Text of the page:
Ancestry part 1

My pop died in 2008 and I miss him a lot. We spent a lot of time together, fishing, playing snooker, fishing, watching cricket, watching league, fishing. On what would have been his 100th birthday the family and I went to the jetty where we used to go fishing, ate food from his favourite fish and chip shop and we shared favourite memories about him with each other.

I wasn't into metal detecting when he was alive but I think he would have enjoyed seeing my finds and telling me stories about what he could buy with four pence when he was a kid. I daresay he'd also be able to identify a lot of the unknown items I find as well.

Two years ago I was metal detecting a beach in suburban Adelaide when I received a call from my uncle. He knew the person who owned the land where Pop's first home was and was going to ask if we could go there and do some metal detecting. The land owner is a friend of the family and we were granted permission.

The past two years have been a source of great anticipation for me. When I go detecting and find relics I have no idea on who they may have belonged to. It was exciting to potentially find something that was related to my own personal history. After a quick weekend trip to Gympie my dad and I drove to central western NSW on our personal pilgrimage.

Day 1. Pop's First Home.

Pop was born in the early 1900s in Parkes, NSW but grew up in a place about 50 minutes (by car) from Orange. His first house was a slab hut atop a small hill. No evidence of the house is visible from the roadside, we only knew it was there because Pop and my uncle were driving past it one day and Pop pointed to the hill and said "my first house was on that hill". During the research for this trip I checked Google Maps and there was no evidence of a house there either. We drove into the paddock and started looking for evidence of a dwelling, the land was flat save for a few rocks that had been placed into piles by the land owner. Some pieces of rusty iron could be seen but there was no way of telling if it was a century old and could very easily have been more recent.

After a few minutes of walking around we found a small low structure with a small number of bricks, approximately 1.5m x 1.5m which we suspected could be a footing for water tank. We concentrated our search in this area and soon enough we started to find broken pottery - this was the place to start swinging.

The first find was awesome. A tailor's button with the words "HOLLE SYDNEY" on it. There's not a lot of information on the internet that I could find about who Holle was, but I did find an interesting blog article here at ausbuttonhistory.com. It was definitely an indication we were in the right spot.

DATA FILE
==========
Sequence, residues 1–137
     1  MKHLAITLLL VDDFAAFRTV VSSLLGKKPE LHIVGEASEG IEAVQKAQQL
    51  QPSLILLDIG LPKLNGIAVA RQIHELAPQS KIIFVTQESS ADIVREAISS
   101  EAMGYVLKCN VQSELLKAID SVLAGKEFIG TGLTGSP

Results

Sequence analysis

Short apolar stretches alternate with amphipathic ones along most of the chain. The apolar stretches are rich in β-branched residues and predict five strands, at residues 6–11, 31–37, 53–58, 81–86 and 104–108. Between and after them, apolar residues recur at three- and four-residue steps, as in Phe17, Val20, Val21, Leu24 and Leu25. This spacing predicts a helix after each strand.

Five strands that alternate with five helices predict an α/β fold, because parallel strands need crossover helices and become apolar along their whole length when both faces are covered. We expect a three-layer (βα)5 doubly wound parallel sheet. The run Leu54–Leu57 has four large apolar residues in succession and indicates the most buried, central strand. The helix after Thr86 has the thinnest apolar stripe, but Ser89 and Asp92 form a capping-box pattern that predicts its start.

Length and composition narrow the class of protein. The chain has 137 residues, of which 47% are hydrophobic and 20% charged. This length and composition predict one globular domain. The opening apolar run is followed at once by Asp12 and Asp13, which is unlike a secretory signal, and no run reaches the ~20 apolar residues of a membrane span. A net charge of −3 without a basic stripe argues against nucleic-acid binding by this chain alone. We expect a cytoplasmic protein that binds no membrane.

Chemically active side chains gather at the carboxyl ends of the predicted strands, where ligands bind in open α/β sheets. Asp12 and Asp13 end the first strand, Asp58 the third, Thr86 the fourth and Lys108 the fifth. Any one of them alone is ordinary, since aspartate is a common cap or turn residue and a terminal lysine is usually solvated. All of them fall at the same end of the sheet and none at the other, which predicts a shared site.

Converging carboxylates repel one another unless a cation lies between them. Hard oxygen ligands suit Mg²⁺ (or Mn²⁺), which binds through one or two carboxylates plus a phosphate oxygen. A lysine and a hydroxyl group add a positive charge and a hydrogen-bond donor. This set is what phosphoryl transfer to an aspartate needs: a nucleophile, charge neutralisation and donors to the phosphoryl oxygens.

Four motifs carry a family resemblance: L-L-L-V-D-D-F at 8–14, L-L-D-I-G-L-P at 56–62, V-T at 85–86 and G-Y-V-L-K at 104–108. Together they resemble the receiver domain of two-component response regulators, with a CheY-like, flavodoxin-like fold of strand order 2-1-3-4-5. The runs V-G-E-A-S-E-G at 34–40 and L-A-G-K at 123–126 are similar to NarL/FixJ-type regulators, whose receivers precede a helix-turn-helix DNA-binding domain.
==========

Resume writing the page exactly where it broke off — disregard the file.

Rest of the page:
There were two more buttons found, an EXCELSIOR button (which I have found similar before) and a NSW Mounted Rifles button which predates federation. I'm yet to confirm if this belonged to any member of my family, but so far I can't find anyone who may have served in the NSW mounted Rifles. If I do find someone I will update this entry. Still, I was very excited to find this item and it was my favourite find of the day.

No day of treasure hunting is complete without silver. I have no idea what this item is nor who the maker JJ is (I couldn't find a similar maker's mark online), but I estimate it to be 1907 based on the "h" mark (if you have any other ideas please get in touch).

I am unsure what this item is, but it looks like it is gilded. It was most likely tubular in shape, but it's now flattened.

We found quite a few buckles and rings, I was surprised at how many iron buckles and rings there were (I didn't take any photos of the iron ones) but we did find a few brass beauties.

I also found my first stirrup!

Clock parts are a common find, but I rarely find clock parts with clock maker names and patent dates on them. I date this Ansiona clock to be patented in 1877. Ansiona was started in 1851 and went out of business in 2006. Since there was no dwelling on the property in 1977 I'm confident the patent date of March 27, 77 is March 27, 1877.

The old faithful harmonica reed also made a show...

Here are the remaining unknown items (except the lever lock item, that's a padlock cover). If you have any ideas on what these could be please let me know.

I want to finish this particular post off with a huge thank you to the land owners - I cannot them enough. They treated me like family, let me camp on their land, listened to my stories, gave me information about the land and what they knew of my family's history, supplied power, water, fed me and shared their own histories. Truly wonderful people.

Stay tuned for day 2... a different house

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